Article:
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Name: Bruce Larkin
Location: Co. Cork, Ireland

I’m Professor Emeritus of Politics at the University of California at Santa Cruz, where I’ve taught since 1965. Fall 2007 courses: “War”and “Security, Disarmament, and Nonproliferation.” I’m also Convenor of the Global Collaborative on Denuclearization Design. For more, see résumé at www.brucelarkin.net.

 

Saturday, January 14, 2006

❄ ISRAEL PUSHES WHITE HOUSE TO CONFRONT IRAN   

In 2005 and 2006 Israeli officials have made claims about Iran reminiscent of Israeli statements in August 2002 which pressed the United States to attack Iraq. In 2002 urgence was attributed to an alleged Iraqi ‘program of weapons of mass destruction.’ In early 2005 the Israeli defense minister spoke of a ‘point of no return’, an invented ‘red line’ to describe the time at which Iran might have learned how to process uranium to obtain the fissile material for a nuclear weapon. In late 2005 and early 2006 Israeli officials spoke openly of this ‘point of no return’. A New York Times headline states: “Israel Wants West to Deal More Urgently With Iran: Fears Early Nuclear ‘Point of No Return’ ”  [Note 1]  Since Iran is believed unable to make a nuclear weapon for several years—and then only if decisions and technical achievements all fell into place—the purpose of inventing an illusory ‘point of no return’ appears to be to advance the crisis into 2006, or at least into the remaining 36 months of GW Bush’s second term.

Recall first the August 2002 declarations.

Three Israeli officials were reported to have made statements to this effect in mid- August, though one—Foreign Minister Shimon Peres—hedged his call for action by insisting he was not urging the US to war. On 18 August the Israeli government sought to back away from its public agitation for war. The subject is delicate, and it is therefore useful to quote actual language of the reports.  [Note 2]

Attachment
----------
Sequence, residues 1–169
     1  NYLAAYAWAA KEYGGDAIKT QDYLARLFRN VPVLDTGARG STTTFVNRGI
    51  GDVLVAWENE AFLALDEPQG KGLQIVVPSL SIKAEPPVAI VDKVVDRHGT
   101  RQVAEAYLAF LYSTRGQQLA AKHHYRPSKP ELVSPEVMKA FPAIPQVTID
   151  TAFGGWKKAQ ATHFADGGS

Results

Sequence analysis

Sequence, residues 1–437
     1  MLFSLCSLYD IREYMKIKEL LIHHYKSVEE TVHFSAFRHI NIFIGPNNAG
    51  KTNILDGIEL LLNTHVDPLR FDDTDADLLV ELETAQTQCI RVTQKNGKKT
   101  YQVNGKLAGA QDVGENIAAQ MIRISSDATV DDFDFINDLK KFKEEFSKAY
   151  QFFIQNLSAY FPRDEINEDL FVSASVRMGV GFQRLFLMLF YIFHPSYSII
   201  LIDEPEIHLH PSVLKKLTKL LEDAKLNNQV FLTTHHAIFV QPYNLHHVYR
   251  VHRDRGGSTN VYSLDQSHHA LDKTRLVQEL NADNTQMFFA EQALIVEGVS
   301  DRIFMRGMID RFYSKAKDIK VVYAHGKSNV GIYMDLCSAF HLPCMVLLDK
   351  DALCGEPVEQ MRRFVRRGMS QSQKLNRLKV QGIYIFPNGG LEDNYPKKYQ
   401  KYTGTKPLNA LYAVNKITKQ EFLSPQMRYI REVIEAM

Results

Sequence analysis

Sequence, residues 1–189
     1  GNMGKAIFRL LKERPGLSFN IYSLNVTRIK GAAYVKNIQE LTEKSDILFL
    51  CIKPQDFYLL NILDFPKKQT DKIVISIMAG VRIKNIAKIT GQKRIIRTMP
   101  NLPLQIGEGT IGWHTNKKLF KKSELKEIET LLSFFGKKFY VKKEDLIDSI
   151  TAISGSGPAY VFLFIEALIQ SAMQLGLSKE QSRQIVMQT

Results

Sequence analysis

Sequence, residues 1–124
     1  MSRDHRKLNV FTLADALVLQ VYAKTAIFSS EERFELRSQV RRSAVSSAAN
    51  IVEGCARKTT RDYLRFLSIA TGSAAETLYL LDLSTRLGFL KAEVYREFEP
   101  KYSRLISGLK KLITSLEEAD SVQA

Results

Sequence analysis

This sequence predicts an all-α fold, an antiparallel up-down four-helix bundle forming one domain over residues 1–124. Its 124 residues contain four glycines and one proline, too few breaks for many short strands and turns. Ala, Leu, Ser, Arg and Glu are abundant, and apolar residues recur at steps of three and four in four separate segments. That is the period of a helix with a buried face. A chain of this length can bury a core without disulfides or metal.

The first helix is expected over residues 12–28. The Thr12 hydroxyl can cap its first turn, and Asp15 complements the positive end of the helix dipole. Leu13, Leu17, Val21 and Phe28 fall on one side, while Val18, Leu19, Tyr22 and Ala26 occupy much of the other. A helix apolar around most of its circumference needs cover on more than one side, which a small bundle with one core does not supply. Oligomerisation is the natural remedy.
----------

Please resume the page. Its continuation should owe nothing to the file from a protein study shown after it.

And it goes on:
Ariel Sharon. 16 August 2002. AFP, citing Haaretz: “Israeli Prime Minister Ariel Sharon has urged the United States not to delay its threatened strike on Iraq any further. Postponing a military operation against Iraqi President Saddam Hussein’s regime ‘will not create a more convenient environment for action in the future,’ the Israeli daily Haaretz quoted Sharon as saying Friday [16 August 2002] in a message sent to the US administration.” [Note 3]

Simon Peres. 15 August 2002. CNN: “Attacking Iraq now would be ‘quite dangerous, but postponing it would be more dangerous,’ Israeli Foreign Minister Shimon Peres said Thursday [15 August 2002]. ‘The problem today is not if but when,’ Peres said, ‘and if they think we wait, [Iraqi President] Saddam [Hussein] will change, and if he will change, it ... will be for the worse; he will have more weapons.’ ”  [Note 4]